Why Americans Have Grown to Hate Congress

By William Spriggs | 1/3/2014, 1:57 p.m.

But, Republicans have fought hard to protect the 1% from paying their share of policy gains with others. One example is of corporate CEOs who have boosted their salaries by shipping U.S. jobs overseas because of “trade” agreements favoring corporations over human, worker and environmental rights. Through the 1970s, CEOs made 20 times their typical worker; today they take home more than 230 times the pay of their typical worker. And, while the federal government isn’t taking advantage of low interest rates, CEOs are by using corporate borrowing to buy back the company stock and boost stock prices and CEO wealth and pay.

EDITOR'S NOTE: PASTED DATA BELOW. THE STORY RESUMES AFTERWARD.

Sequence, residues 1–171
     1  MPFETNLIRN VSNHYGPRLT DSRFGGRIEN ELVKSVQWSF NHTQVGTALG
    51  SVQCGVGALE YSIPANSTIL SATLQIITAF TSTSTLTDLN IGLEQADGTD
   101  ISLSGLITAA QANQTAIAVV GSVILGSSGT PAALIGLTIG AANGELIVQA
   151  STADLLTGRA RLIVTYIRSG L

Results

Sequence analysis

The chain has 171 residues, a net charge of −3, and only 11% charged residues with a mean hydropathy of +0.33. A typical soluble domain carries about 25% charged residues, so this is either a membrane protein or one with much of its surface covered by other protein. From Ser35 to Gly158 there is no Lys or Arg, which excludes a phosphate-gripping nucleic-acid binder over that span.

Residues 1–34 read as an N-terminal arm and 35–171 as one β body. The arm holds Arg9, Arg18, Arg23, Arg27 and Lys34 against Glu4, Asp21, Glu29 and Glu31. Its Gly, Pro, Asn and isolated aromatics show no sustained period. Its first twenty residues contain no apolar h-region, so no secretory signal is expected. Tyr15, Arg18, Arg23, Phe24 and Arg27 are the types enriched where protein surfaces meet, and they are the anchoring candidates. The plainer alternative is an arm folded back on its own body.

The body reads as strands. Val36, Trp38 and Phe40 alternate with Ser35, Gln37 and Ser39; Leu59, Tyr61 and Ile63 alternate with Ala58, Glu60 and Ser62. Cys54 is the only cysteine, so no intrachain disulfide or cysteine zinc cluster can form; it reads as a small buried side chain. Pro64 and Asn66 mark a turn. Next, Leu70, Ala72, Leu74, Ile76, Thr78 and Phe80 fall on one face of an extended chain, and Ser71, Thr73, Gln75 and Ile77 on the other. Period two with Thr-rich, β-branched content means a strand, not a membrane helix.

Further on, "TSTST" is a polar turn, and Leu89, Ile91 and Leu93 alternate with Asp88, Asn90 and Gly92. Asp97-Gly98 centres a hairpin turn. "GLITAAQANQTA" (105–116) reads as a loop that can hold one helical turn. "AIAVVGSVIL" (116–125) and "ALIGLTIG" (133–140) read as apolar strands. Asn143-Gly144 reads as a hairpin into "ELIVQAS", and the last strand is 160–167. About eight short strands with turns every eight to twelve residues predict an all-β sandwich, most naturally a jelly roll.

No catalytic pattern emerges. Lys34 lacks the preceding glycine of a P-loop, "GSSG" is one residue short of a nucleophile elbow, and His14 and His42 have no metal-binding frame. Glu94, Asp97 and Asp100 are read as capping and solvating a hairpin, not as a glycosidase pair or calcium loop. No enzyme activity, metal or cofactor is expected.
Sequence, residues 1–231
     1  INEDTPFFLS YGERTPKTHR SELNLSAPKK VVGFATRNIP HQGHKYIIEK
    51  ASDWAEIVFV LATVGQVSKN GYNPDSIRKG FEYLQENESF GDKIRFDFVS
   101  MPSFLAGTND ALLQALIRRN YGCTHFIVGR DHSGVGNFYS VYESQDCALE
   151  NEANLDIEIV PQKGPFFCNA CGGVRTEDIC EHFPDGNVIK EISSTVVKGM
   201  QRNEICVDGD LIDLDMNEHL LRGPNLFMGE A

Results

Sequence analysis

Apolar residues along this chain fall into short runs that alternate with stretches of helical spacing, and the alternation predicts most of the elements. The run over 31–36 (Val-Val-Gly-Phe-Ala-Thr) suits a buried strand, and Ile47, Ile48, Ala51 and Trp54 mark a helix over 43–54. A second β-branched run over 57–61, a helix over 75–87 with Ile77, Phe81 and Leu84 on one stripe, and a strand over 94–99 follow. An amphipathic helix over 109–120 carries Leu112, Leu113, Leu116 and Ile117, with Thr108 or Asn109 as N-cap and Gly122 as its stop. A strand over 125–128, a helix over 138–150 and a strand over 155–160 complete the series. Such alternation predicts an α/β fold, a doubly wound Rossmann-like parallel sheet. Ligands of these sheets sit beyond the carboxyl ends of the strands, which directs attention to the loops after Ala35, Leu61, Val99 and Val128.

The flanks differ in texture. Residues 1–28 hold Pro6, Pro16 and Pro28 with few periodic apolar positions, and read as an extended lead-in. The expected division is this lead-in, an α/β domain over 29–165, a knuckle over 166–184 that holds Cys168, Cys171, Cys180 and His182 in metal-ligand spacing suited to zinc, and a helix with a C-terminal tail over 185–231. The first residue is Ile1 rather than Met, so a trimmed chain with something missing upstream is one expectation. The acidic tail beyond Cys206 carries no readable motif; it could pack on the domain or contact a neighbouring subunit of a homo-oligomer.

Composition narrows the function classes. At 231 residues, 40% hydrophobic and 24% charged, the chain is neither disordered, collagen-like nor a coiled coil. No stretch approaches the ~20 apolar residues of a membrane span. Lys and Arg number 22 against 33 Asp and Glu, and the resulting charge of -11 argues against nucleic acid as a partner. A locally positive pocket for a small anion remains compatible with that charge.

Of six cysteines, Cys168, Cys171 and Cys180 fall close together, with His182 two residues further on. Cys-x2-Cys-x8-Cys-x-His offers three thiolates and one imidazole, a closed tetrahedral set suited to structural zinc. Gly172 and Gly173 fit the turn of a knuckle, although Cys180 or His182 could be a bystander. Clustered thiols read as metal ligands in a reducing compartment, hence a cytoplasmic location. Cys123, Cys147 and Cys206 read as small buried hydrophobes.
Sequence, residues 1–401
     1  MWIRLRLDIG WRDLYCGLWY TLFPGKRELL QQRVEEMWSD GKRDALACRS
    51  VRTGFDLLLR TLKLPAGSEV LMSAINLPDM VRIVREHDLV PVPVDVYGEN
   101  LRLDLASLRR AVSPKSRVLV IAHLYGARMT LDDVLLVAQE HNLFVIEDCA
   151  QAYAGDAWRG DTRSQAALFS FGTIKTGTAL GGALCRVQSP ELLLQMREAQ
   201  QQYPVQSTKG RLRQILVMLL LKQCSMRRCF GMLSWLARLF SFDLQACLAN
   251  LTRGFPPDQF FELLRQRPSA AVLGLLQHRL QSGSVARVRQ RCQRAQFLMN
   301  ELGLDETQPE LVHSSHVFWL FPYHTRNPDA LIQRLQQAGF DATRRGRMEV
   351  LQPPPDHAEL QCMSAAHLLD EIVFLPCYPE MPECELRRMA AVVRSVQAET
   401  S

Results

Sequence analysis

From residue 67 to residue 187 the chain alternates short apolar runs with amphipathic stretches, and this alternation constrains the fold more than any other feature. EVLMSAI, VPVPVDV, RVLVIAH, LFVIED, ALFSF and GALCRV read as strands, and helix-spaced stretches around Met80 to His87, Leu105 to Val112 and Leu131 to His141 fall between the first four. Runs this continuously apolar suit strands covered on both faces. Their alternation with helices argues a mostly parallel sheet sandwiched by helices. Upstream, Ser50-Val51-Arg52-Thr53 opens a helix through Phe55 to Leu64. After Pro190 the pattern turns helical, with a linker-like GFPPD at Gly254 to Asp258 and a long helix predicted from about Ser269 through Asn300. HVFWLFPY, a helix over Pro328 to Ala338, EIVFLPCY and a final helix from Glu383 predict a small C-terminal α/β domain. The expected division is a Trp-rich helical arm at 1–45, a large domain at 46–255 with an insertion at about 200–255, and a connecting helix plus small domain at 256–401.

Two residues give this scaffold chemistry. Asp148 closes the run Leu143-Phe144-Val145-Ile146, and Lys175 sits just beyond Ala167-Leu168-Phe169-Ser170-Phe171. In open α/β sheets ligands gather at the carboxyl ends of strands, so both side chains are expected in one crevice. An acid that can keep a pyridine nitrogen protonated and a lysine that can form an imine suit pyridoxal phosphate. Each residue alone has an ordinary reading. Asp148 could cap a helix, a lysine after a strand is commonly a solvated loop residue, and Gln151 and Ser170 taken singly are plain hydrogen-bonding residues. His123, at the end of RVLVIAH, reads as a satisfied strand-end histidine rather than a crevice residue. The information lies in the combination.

So, if the point of all this fiscal austerity is to protect us from federal debt in a time of low interest rates, we see who is benefiting. If we favor austerity over creating jobs, then we should at least compensate the people we are asking to suffer-those who are unemployed.

Oddly, the research on the effect of extending unemployment benefits has pointed to this anomaly-people getting the benefit are more likely to keep looking for jobs longer rather than give up and drop out of the labor force (disappearing from the statistics). By ignoring them, Congress wishes they would go away. By ignoring the imbalances in their choices, the American people are wishing Congress would go away.

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